CC BY-NC-ND 4.0 · Eur J Dent 2013; 07(01): 022-027
DOI: 10.1055/s-0039-1698991
Original Article
Dental Investigation Society

The relationship between dental health behavior, oral hygiene and gingival status of dental students in the United Arab Emirates

Betul Rahman
1   General and Specialist Dental Practice, College of Dentistry, University of Sharjah, UAE
Sausan Al Kawas
2   Oral and Craniofacial Health Sciences Department, College of Dentistry, University of Sharjah, UAE
› Author Affiliations
Further Information

Publication History

Publication Date:
15 October 2019 (online)


Objective: The purpose of this study is to assess the impact of knowledge acquired in preventive aspects of dental education on dental students’ own health attitudes, oral hygiene and gingival status in the United Arab Emirates.

Methods: To compare the self-reported oral health behavior of first year dental students in the University of Sharjah with their actual oral hygiene and gingival conditions, 93 volunteers who participated in the study completed the Hiroshima University-Dental Behavioral Inventory (HU-DBI) questionnaire. Subsequently a clinical examination for their Plaque Scores (Modified Quigley Hein Plaque Index) and Gingival Bleeding Index was performed by a calibrated dentist.

Results: 29% of the participants reported bleeding gums; 83% were concerned by the color of their gums while 63% reported that it was impossible to prevent gum disease with brushing alone; and only 10% noticed some sticky white deposits on their teeth. However, approximately 92% were not in agreement that they would have false teeth when they grew older. 56% mentioned that they used dental floss regularly and 86% brushed twice daily or more. Male students had higher bleeding and plaque scores than female students. There appeared to be a significant relationship between plaque scores and HU-DBI responses; in addition to the significant relationship noted between recorded bleeding percentages and HU-DBI responses.

Conclusion: Female students have shown better dental care behavior than male students. The dental students with better self-reported oral health attitudes were expected to have lower plaque scores but instead had moderate plaque and gingival bleeding scores. This indicates the need for more emphasis on preventive measures in oral health education. (Eur J Dent 2013;7:22-27)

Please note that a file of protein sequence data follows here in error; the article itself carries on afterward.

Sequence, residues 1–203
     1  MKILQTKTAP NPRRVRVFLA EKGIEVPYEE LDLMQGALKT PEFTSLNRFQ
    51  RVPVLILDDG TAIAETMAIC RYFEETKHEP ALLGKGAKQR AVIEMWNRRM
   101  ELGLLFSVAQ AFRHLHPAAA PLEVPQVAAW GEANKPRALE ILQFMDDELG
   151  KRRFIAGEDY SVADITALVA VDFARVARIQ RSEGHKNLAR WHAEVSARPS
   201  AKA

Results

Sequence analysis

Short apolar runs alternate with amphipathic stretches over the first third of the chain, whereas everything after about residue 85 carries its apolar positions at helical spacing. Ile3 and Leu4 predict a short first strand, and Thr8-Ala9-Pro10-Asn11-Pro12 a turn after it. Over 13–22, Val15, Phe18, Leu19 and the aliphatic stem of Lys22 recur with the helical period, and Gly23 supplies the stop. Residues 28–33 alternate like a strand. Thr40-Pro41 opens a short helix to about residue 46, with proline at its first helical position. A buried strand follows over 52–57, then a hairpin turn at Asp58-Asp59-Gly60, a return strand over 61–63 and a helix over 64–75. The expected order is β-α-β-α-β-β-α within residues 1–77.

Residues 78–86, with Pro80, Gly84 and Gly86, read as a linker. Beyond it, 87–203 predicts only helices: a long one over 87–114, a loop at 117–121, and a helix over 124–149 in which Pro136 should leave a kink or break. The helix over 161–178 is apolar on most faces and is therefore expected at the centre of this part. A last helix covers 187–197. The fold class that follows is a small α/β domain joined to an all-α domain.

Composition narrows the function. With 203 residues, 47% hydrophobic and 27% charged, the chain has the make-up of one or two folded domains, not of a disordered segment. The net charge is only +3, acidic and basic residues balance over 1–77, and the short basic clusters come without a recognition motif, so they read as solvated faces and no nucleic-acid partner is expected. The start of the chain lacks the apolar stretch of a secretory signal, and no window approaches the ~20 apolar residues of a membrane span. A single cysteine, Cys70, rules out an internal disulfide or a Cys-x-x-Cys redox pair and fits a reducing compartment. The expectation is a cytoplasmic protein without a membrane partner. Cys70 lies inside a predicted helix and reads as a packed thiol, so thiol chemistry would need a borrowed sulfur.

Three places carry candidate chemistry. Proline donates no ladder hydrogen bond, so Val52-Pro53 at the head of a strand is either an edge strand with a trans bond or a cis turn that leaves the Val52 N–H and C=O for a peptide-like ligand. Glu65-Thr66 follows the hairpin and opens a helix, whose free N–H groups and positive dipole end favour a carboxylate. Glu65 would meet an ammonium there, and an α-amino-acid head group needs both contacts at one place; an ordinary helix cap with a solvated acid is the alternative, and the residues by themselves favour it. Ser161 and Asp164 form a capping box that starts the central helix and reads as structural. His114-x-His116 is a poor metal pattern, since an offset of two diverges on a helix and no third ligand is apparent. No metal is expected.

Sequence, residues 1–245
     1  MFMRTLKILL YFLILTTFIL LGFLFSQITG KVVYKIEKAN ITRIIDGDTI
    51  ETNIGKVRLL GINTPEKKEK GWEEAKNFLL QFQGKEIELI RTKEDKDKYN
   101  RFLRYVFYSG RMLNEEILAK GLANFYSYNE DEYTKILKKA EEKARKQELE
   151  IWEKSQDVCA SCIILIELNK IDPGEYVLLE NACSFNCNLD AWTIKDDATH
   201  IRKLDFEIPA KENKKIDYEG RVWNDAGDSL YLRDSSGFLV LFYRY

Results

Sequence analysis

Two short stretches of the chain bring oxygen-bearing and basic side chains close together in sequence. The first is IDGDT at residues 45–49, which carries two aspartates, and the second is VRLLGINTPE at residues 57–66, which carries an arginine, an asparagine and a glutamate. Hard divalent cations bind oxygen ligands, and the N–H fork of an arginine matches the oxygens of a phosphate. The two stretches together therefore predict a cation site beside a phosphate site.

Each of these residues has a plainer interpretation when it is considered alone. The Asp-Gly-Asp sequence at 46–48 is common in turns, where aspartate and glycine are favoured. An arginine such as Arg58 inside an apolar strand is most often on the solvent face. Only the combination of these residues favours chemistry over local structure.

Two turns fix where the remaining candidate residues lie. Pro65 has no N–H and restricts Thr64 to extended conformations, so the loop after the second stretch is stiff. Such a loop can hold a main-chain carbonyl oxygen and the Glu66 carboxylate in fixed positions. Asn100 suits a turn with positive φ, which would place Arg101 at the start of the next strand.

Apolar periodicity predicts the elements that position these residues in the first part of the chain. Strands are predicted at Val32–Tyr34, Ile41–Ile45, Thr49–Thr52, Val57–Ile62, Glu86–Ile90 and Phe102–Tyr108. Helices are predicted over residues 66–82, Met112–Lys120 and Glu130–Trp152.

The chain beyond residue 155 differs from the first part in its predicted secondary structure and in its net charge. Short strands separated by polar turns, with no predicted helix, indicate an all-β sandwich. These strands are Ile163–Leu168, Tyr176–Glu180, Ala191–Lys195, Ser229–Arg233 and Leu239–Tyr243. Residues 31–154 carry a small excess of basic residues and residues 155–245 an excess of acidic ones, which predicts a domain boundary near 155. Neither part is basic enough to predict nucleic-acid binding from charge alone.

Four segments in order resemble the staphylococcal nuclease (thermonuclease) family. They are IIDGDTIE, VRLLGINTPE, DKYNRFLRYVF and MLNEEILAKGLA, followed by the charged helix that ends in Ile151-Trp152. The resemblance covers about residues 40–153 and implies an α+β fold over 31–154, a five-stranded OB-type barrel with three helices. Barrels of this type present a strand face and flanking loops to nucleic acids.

• 1 Bertolami C. Rationalizing the dental curriculum in light of current disease prevalence and patient demand for treatment: form vs. content. J Dent Educ 2001;65:725-735.
  • 2 Cortes FJ, Nevot C, Ramon JM, Cuenca E. The Evolution of Dental Health in Dental Students at the University of Barcelona. J Dent Educ 2002;66:1203-1208.
  • 3 Yorty JS, Brown B. Caries risk assessment/treatment programs in U.S. dental schools. J Dent Educ 1999;63:745-747.
  • 4 Lang NP, Cumming BR, Loe HA. Oral hygiene and gingival health of Danish dental students and faculty. Community Dent Oral Epidemiol 1977;5:237-242.
  • 5 Cavaillon JP, Conge M, Mirisch D, Nemeth T, Sitbon JM. Longitudinal study on oral health of dental students at Paris VII University. Community Dent Oral Epidemiol 1982;10:137- 143.
  • 6 Yildiz S, Dogan B. Self reported dental health attitudes and behavior of dental students in Turkey. Eur J Dent 2011;5: 253-259.
  • 7 El-Mostehy MR, Zaki HA. The dental stud¬ent’s attitude towards the profession as reflected in his oral cavity. Egypt Dent J 1969;15:104-109.
  • 8 Al Kawas S, Fakhruddin KS, Ur Rehman B. A comparative study of oral health attitudes and behaviour between dental and medical students; the impact of dental education in United Arab Emirates. J Int Dent Med Res 2010;3: 6-10.
  • 9 Kawamura M, Yip HK, Hu DY, Komabayashi T. A cross-cultural comparison of dental health attitudes and behavior among freshman dental students in Japan, Hong-Kong and West China. Int Dent J 2001;51:159-163.
  • 10 Fermin A Carranza. Glickman’s Clinical Periodontology. W.B. Saunders Company. 1990:310.
  • 11 Ainamo J, Bay I. Problems and proposals for recording gingivitis and plaque. Int Dent J 1975;25:229-235.
  • 12 Al-Omari QD, Hamasha AA. Gender-Specific Oral Health Attitudes and Behavior among Dental Students in Jordan. J Contemp Dent Pract 2005;6:107-114.
  • 13 Al-Wahadni A M, AL-Omiri M K, Kawamura M .Differences in self-reported oral health behavior between dental students and dental technology/dental hygiene students in Jordan. J Oral Sci 2004;46:191-197.
  • 14 Petersen PE, Peng B, Tai B, Bian Z, Fan M. Effect of a school-based oral health education programme in Wuhan City, Peoples’ Republic of China. Int Dent J 2004;54:33-41.
  • 15 Kawamura M, Honkala E, Widström E, Komabayashi T. Cross-cultural differences of self-reported oral health behaviour in Japanese and Finnish dental students. Int Dent J 2000;50:46-50.
  • 16 Khami MR, Virtanem JI, Jafarian M, Murtomaa H. Prevention- oriented practice of Iranian senior dental students. Eur J Dental Educ 2007;11:48-53.
  • 17 Neeraja R, Kayalvizhi G, Sangeeta P. Oral health attitudes and behaviour among a group of dental students in Bangalore, India. Eur J Dent 2011;5:163-167.
  • 18 Bakdash M B, Proshek JM. Oral hygiene status of dental students as related to their personal and academic profiles. J Periodontal Res1979;14:438-443.